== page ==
• Social phobia (aka social anxiety disorder) is also quite common for people with eating disorders. Social phobia is marked by a very strong fear or anxiety of being negatively evaluated by others in social situations (e.g., talking in class, meeting new people).  This fear or anxiety is distressing and people may avoid situations in which they think others will negatively judge them.

Sometimes people with eating disorders have a lot of anxiety about eating in front of others. If this were the only thing that someone with anorexia or bulimia nervosa were afraid to do in front of others, then an additional diagnosis of social phobia might not be given because the social fears would fall under the umbrella of the eating disorder. However if an individual was also very anxious about participating in a class discussion or speaking up in a meeting for fear that others would judge her as stupid, or if someone avoided meeting new people, this could be a sign that a separate diagnosis is also present.

Treatment for social phobia often includes cognitive-behavioral therapy and/or medication.

  • More research is needed to understand the relationship between anxiety disorders and avoidant restrictive food intake disorder (ARFID). For some individuals with ARFID, worry about consequences of eating, such as experiencing a choking sensation or vomiting, might constitute a specific phobia. However, ARFID is diagnosed when this fear leads to changes in eating behavior that have clear consequences on nutrition and overall physical health.

Alcohol and Substance Use Disorders

Problems with drugs and alcohol are also fairly common in individuals with anorexia and bulimia. Comorbidity rates seem to be higher in bulimia and the binge-purge subtype of anorexia than in the restrictive subtype of anorexia and this has been linked to higher levels of impulsivity among those groups. Of note, many individuals with eating disorders may abuse stimulants (caffeine, amphetamines, etc.) in an attempt to curb appetite, and many individuals abuse laxatives, diuretics, and diet pills as an attempt to get rid of calories consumed.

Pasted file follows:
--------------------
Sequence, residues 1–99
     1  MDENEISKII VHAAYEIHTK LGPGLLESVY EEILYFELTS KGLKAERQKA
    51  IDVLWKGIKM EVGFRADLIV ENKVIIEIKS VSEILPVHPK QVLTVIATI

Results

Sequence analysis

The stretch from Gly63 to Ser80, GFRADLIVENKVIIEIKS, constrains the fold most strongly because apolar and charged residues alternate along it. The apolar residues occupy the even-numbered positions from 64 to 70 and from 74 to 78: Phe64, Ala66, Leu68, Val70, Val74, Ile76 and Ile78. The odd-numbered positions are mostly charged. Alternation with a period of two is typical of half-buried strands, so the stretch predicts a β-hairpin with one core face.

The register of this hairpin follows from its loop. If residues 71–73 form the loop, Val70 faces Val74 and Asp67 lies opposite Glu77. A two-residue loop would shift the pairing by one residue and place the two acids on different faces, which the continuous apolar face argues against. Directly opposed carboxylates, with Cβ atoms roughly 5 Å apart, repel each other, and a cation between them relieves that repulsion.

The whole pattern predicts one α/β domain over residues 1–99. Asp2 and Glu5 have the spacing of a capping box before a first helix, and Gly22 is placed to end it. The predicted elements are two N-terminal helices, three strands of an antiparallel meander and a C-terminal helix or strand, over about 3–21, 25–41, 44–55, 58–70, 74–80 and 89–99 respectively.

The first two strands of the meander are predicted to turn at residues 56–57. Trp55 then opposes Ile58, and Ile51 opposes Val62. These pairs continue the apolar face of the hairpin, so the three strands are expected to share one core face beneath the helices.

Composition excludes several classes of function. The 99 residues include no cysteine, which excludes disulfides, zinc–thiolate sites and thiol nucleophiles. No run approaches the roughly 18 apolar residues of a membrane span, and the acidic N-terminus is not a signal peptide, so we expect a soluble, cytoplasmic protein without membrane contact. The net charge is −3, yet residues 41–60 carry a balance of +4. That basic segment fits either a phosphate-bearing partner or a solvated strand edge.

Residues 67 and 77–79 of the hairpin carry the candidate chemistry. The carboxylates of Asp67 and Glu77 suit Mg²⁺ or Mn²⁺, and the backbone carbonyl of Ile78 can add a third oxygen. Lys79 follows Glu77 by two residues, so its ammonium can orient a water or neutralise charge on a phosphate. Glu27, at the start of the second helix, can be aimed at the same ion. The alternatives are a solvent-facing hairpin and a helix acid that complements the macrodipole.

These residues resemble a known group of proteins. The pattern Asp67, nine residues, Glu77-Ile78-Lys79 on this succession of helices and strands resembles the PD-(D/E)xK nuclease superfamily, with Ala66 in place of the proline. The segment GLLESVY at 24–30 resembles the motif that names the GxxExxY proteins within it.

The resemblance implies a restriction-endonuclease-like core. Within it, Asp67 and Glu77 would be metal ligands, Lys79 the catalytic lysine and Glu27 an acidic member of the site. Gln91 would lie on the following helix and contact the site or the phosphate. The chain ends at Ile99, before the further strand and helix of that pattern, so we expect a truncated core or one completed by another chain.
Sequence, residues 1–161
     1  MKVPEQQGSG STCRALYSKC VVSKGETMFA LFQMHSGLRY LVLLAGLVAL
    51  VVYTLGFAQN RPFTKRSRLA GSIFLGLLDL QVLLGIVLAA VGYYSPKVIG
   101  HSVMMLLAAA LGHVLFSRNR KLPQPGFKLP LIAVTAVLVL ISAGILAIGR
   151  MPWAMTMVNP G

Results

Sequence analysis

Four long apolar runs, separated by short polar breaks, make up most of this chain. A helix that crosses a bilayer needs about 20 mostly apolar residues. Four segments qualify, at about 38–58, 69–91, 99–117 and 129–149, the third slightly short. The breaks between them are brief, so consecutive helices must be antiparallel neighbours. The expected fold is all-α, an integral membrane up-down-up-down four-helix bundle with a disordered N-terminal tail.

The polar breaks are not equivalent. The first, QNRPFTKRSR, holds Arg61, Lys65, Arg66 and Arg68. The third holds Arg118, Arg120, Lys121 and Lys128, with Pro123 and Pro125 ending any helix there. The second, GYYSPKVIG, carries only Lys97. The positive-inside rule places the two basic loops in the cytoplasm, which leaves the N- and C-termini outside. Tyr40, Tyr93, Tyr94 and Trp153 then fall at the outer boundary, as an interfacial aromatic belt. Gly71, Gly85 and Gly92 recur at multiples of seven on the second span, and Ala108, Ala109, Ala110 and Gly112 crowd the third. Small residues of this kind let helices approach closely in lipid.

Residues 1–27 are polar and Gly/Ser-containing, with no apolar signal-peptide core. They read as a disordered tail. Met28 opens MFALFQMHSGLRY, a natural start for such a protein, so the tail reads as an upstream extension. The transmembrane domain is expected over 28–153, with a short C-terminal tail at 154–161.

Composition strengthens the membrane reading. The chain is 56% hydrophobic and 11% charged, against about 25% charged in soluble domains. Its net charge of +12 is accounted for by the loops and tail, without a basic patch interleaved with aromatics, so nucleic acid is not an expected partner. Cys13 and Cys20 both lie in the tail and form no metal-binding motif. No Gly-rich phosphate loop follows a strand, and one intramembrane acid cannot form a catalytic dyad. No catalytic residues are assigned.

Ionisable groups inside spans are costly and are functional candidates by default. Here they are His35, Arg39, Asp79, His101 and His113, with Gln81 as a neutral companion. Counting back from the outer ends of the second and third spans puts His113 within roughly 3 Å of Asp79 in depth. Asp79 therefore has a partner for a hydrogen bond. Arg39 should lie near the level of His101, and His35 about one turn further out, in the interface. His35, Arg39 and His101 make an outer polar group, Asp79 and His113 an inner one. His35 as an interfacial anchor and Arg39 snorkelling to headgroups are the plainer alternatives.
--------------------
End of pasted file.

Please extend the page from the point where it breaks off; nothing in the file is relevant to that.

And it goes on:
• In deciding if and how to modify treatment if someone has an eating disorder and a substance use problem, the severity of each problem is typically first assessed. In particular, it is important to evaluate the extent to which a co-occurring substance use might interfere with treatment of the eating disorder. For example, if a patient is frequently intoxicated, this will greatly impede progress in eating disorder treatment and suggests a need for substance use treatment prior to eating disorder treatment.
  • For some individuals, a structured, dual diagnosis program in which both problems are treated simultaneously may be the best way to effect lasting change.

Getting to 1+1=0

Generally speaking, individuals who struggle simultaneously with an eating disorder and another psychiatric problem may have a longer road to recovery and require a multi-faceted relapse prevention plan than those with an “uncomplicated” eating disorder. Eating disorders are unlikely to improve spontaneously, so it is important to seek out treatment no matter what other issues may or may not be present. Finally, there are some specialized treatment programs that exist specifically for individuals who suffer from a particular combination of issues (e.g., OCD and anorexia, or substance use and an eating disorder). Speaking with a professional who is knowledgeable in this area can help point you in the direction of suitable resources.

Originally published on feedblog.com

Photo Credit: Creative Commons by Wikimedia (Melchoir